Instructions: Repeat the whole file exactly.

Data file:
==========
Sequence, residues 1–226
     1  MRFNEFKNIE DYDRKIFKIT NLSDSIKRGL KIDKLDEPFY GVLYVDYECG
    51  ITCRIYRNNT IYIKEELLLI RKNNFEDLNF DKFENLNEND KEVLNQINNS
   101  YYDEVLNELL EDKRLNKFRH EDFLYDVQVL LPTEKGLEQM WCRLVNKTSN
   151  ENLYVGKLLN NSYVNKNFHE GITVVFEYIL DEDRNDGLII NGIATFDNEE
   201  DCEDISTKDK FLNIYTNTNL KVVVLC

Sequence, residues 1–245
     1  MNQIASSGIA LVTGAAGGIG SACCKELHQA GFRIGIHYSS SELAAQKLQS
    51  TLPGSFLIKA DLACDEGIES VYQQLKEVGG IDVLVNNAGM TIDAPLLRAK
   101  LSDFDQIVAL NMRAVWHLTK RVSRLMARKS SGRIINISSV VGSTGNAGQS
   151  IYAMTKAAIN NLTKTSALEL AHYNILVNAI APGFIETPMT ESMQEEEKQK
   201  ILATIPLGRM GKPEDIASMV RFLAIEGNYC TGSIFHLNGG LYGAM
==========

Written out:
Sequence, residues 1–226
     1  MRFNEFKNIE DYDRKIFKIT NLSDSIKRGL KIDKLDEPFY GVLYVDYECG
    51  ITCRIYRNNT IYIKEELLLI RKNNFEDLNF DKFENLNEND KEVLNQINNS
   101  YYDEVLNELL EDKRLNKFRH EDFLYDVQVL LPTEKGLEQM WCRLVNKTSN
   151  ENLYVGKLLN NSYVNKNFHE GITVVFEYIL DEDRNDGLII NGIATFDNEE
   201  DCEDISTKDK FLNIYTNTNL KVVVLC

Sequence, residues 1–245
     1  MNQIASSGIA LVTGAAGGIG SACCKELHQA GFRIGIHYSS SELAAQKLQS
    51  TLPGSFLIKA DLACDEGIES VYQQLKEVGG IDVLVNNAGM TIDAPLLRAK
   101  LSDFDQIVAL NMRAVWHLTK RVSRLMARKS SGRIINISSV VGSTGNAGQS
   151  IYAMTKAAIN NLTKTSALEL AHYNILVNAI APGFIETPMT ESMQEEEKQK
   201  ILATIPLGRM GKPEDIASMV RFLAIEGNYC TGSIFHLNGG LYGAM